Politics & Policy

Let’s Move? Fat Chance

Childhood obesity has declined, but that’s no thanks to the first lady’s initiative.

Has First Lady Michelle Obama’s Let’s Move campaign actually reduced childhood obesity rates? That’s a $4.5 billion question whose answer appears to be “No.”

Immediately after announcing that he would “take steps without legislation . . . wherever and whenever I can” in last week’s State of the Union address, President Obama touted First Lady Michelle Obama’s four-year-old Let’s Move campaign as a seemingly unobjectionable and efficacious example of a primarily executive effort that benefits the American people.

“Michelle’s Let’s Move partnership with schools, businesses, and local leaders has helped bring down childhood obesity rates for the first time in 30 years,” the president said.

“Helped” is the key word there, because the figures the White House is using cover a period of time that barely overlaps with Let’s Move.

The good news is that American kids may have become slightly less porky in the last six years — after a long period of fattening up.

Obesity rates soared in America during the last quarter of the 20th century. From 1976 to 1980, the Centers for Disease Control (CDC) recorded a 5 percent obesity rate in children aged two to five. That figure jumped to 13.9 percent from 2003 to 2004. For children ages six to eleven, the increase was from 6.5 percent in 1976–80 to 18.8 percent in 2003–04.

Any successful effort to reduce these trends would be a victory for public health. From 2008 to 2011 18 states and the Virgin Islands reported a significant decrease in the prevalence of obesity among low-income preschoolers. Five other states reported a decline of less than one percentage point over the same three years, and in another 21 states and territories there was no significant change in obesity prevalence.

Though most states studied saw no remarkable change, 19 states and territories is no small amount. There has also been notable improvement in America’s major metropolitan areas. Cities such as New York, Philadelphia, and Los Angeles saw declines in childhood obesity of 5.5 percent, 5 percent, and 3 percent, respectively, from 2007 to 2011.

Unfortunately, Let’s Move only existed in the last year of that downward trend.  

Childhood obesity rates began declining among low-income children in 2008, two years before the first lady announced her initiative in early February 2010. The actual implementation of Let’s Move came ten months later, when the Healthy Hunger-Free Kids Act was passed in December 2010. Obesity rates were well on their current trajectory before Let’s Move had any influence.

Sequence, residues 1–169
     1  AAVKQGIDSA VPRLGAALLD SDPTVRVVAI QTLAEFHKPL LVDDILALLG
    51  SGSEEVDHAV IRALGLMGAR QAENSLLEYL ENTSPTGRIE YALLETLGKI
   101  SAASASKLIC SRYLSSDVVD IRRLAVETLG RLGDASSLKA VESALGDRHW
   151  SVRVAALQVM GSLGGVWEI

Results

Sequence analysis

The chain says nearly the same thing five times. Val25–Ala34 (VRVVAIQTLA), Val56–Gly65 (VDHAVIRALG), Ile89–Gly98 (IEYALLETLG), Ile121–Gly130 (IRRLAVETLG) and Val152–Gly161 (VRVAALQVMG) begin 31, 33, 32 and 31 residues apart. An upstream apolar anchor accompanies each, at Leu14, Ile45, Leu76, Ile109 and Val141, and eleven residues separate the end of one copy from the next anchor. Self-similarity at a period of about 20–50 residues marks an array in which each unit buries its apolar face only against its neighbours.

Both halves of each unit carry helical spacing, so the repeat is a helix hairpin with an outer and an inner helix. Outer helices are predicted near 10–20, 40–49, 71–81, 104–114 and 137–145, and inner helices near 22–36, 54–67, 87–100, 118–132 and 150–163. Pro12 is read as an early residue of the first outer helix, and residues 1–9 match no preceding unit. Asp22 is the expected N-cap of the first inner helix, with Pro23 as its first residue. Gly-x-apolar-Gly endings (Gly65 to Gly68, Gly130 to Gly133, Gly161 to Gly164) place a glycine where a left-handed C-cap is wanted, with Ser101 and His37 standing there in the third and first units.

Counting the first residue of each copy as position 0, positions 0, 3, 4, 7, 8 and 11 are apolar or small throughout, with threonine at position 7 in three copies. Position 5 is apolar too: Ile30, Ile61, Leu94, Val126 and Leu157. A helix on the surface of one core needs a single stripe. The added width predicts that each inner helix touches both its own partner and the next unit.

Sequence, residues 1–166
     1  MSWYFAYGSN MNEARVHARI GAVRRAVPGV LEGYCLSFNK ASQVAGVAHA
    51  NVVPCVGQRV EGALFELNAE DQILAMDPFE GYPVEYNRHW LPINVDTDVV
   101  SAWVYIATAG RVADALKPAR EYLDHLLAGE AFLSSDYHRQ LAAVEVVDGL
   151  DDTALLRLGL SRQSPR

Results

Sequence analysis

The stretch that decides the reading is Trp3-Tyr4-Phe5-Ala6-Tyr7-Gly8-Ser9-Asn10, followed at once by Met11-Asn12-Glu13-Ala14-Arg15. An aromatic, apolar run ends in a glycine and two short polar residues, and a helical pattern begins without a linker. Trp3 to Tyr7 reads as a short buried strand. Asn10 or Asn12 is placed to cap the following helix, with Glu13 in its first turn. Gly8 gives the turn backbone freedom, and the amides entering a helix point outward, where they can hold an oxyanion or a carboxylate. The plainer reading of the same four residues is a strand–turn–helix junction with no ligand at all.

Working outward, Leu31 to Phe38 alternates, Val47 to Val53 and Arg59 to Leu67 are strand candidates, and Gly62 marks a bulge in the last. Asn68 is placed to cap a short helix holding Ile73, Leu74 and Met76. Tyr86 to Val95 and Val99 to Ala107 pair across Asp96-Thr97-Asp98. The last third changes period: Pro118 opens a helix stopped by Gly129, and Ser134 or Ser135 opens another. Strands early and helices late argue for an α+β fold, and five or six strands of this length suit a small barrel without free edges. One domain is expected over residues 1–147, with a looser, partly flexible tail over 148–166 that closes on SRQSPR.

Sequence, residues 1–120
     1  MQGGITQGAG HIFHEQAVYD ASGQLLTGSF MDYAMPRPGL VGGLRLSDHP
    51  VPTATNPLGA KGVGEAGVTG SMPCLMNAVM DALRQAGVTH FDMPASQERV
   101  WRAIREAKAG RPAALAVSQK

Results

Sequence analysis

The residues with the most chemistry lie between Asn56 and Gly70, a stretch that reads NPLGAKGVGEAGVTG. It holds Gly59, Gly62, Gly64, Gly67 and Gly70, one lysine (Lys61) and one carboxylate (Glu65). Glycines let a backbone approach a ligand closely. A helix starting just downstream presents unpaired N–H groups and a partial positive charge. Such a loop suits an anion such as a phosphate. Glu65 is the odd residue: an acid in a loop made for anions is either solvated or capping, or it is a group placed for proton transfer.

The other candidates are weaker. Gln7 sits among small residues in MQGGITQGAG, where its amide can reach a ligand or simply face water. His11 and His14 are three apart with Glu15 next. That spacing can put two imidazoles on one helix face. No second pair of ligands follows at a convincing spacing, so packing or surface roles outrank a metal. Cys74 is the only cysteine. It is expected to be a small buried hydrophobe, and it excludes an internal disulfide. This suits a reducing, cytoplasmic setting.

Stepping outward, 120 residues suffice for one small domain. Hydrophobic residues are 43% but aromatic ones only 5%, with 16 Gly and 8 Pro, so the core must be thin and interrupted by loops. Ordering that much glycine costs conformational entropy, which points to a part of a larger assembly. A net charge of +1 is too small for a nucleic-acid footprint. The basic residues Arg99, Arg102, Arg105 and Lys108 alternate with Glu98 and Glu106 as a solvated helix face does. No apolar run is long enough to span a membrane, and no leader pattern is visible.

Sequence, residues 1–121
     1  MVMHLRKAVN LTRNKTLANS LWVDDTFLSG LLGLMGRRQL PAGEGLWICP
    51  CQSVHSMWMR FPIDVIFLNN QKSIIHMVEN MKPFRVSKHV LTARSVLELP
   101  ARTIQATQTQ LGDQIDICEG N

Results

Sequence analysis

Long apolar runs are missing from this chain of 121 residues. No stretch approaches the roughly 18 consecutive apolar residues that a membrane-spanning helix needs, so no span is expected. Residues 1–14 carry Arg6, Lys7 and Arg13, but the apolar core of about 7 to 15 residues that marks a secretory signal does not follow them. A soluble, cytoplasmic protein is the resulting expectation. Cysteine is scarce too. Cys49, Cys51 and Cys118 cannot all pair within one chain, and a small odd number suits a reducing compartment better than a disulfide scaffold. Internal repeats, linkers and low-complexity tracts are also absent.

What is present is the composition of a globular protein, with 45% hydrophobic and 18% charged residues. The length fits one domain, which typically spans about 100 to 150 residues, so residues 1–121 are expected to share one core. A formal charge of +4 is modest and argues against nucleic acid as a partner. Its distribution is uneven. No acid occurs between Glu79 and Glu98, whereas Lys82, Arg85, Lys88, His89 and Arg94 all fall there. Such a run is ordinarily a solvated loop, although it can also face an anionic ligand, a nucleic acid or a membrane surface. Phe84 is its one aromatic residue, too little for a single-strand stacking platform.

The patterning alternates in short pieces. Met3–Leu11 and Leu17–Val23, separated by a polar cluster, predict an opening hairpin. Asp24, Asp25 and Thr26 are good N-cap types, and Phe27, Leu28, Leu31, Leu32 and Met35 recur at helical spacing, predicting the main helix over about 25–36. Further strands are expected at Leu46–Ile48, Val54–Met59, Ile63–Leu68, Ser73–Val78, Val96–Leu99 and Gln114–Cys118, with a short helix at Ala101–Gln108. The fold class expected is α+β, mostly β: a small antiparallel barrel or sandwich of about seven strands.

Nor does Let’s Move’s influence appear to have been positive. The first lady has undoubtedly raised awareness about childhood healthy eating and exercise through her fame and personal example. But outside of these personal enterprises, almost every governmental initiative of the Let’s Move campaign has been unhelpful or even harmful.

The Healthy Hunger-Free Kids Act included $4.5 billion in funding for the implementation of nutrition standards in schools while giving the USDA broad-ranging authority to set those standards. The USDA then imposed across-the-board micro-regulations on any school that wanted in on federal funding, including a ban on whole milk and white bread, mandatory vegetable and fruit servings, and even specific maximum calorie counts per meal determined by grade level.

Unsurprisingly, schools from Southern California to New York City dropped the healthy-lunch program because kids were going hungry, choosing to throw out the unappetizing vegetables and low-fat options imposed on them. Healthy-food options were too expensive for many school districts to afford; mandatory calorie limitations left kids wanting more and unable to study; and students roundly complained that the food tasted horrible. Earlier this year, the USDA permanently loosened school-meal rules.

Michelle Obama’s call for “friendly front-of-package labelling” on consumer food products ignores the fact that such labelling has not been proven to influence consumer choices. Some studies have even concluded that mandatory food labeling does nothing to promote healthier food-purchasing behavior. These mandates also place new compliance burdens on producers, increasing costs and reducing productivity.

Another of Let’s Move’s major initiatives was an attempt to increase physical activity among children to 60 minutes of active play a day. However, almost four years since the announcement of Let’s Move, only one-quarter of children ages twelve to 15 exercise an hour a day or more, suggesting that kids aren’t readily responding to the government’s call for more physical activity. It’s not clear that this figure is an improvement from previous years: A 2008 study by the National Institute of Health showed a much higher percentage of 15-year-olds getting an hour of daily exercise.

Despite $4.5 billion in funding for the Let’s Move campaign, USDA hyper-regulations, and multiple executive actions created to influence personal habits, the government has little to show for its efforts. The declining obesity rates the president cites began years before Michelle Obama had any say, and there’s no indication that Let’s Move has greatly helped the process.

— Alec Torres is a William F. Buckley Fellow at the National Review Institute.


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